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Sac'to anti-scavenging ordinance gets attention of L.A. Times columnist

Gregory Rodriguez
"What's really wrong with the anti-scavenging picture? It's that as times get tougher, the middle-class mores that inform such ordinances don't fit the reality of the growing number of people in our towns and cities who will be obliged to find innovative and, shall we say, quasi-respectable ways to survive," writes Gregory Rodriguez in his column in the Los Angeles Times, today, titled "Punishing scavengers? It's un-American: Ordinances meant to discourage the practice fly in the face of our values of self-reliance and resourcefulness," which was specifically about the Sacramento council and its approval of an ordinance that harms area homeless.

[See item #14 (pg 5) on summary of March 3 Sacramento Council meeting.]

Rodriguez tells us, "Not long ago, British historian Simon Schama wrote that 'American resourcefulness is one well that won't run dry,' and for the most part I think he's right. But these days we're more likely to define resourcefulness as high-end technological innovation rather than low-level scrappiness. We tend to celebrate the successful entrepreneurial maverick who cuts corners or goes against the grain, while denigrating the hard-nosed survivor on the other end of the social spectrum."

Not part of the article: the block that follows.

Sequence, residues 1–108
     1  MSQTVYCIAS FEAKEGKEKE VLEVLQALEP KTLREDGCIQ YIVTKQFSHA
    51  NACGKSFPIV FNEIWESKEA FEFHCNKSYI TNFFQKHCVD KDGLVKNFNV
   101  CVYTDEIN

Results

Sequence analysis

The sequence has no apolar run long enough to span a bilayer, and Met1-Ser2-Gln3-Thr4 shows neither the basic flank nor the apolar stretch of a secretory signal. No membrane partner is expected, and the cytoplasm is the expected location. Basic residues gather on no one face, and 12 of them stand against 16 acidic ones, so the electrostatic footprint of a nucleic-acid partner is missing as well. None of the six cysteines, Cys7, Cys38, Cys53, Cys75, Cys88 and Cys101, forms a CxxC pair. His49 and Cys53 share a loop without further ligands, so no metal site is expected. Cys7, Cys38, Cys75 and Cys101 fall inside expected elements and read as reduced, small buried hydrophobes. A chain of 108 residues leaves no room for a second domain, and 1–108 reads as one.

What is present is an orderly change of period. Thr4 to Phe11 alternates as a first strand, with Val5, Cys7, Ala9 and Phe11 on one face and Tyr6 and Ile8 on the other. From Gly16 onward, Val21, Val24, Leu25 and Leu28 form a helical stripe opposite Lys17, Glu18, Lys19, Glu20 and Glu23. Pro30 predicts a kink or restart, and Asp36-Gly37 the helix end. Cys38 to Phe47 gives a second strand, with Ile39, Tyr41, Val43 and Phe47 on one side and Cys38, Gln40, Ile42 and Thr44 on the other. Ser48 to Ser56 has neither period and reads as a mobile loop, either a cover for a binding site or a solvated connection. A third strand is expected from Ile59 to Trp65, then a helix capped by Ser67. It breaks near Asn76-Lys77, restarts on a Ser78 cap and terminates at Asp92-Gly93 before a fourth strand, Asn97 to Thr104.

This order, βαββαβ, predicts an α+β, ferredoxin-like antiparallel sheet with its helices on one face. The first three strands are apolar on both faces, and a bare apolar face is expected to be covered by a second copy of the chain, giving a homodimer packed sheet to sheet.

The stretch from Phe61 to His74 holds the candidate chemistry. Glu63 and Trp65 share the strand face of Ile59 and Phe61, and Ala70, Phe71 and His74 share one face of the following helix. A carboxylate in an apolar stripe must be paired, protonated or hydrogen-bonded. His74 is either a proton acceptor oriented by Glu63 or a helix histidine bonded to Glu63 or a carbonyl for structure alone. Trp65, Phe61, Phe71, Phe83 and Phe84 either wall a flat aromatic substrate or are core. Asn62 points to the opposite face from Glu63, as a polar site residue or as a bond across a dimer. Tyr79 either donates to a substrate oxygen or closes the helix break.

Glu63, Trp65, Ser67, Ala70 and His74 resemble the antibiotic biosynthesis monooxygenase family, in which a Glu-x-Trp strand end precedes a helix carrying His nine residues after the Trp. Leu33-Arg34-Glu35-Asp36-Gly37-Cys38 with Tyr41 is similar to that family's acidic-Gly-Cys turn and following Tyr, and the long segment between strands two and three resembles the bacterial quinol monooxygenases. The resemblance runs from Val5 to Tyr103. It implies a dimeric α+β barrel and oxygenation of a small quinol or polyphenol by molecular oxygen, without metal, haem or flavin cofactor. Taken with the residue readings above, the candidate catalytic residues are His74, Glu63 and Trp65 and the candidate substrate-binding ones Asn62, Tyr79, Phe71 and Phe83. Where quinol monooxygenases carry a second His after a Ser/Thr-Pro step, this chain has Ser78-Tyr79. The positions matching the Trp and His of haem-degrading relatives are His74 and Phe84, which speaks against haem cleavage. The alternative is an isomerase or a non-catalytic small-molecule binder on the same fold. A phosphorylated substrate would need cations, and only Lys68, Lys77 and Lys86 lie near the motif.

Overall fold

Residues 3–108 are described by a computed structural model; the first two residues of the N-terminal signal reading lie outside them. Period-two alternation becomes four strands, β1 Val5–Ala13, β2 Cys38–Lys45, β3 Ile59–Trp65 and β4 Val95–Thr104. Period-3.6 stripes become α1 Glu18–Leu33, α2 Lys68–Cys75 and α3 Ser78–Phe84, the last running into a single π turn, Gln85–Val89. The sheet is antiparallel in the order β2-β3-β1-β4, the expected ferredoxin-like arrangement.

And: "Of course, we'd rather not have people scavenging through bins to find recyclables to sell for money to buy food, not to mention the fact that scavenging can undercut city recycling programs. Naturally, we'd prefer that all retail businesses adhere to some sort of regulated standards. But barring outright criminal activity, in times like these when more and more Americans are losing their homes and their jobs, it seems counterproductive to discourage anyone from finding relatively innocuous ways to help themselves.

"Punishing resourcefulness? It's downright un-American."

Rodriguez's bio tells us he's "an Irvine Senior Fellow and Director of the California Fellows Program at New America Foundation, a non-partisan public policy institute. He has written widely on issues of national identity, social cohesion, assimilation, race relations, religion, immigration, ethnicity, demographics and social and political trends. His book Mongrels, Bastards, Orphans and Vagabonds: Mexican Immigration and the Future of Race in America, was named one of the "Best Books of 2007" by The Washington Post.


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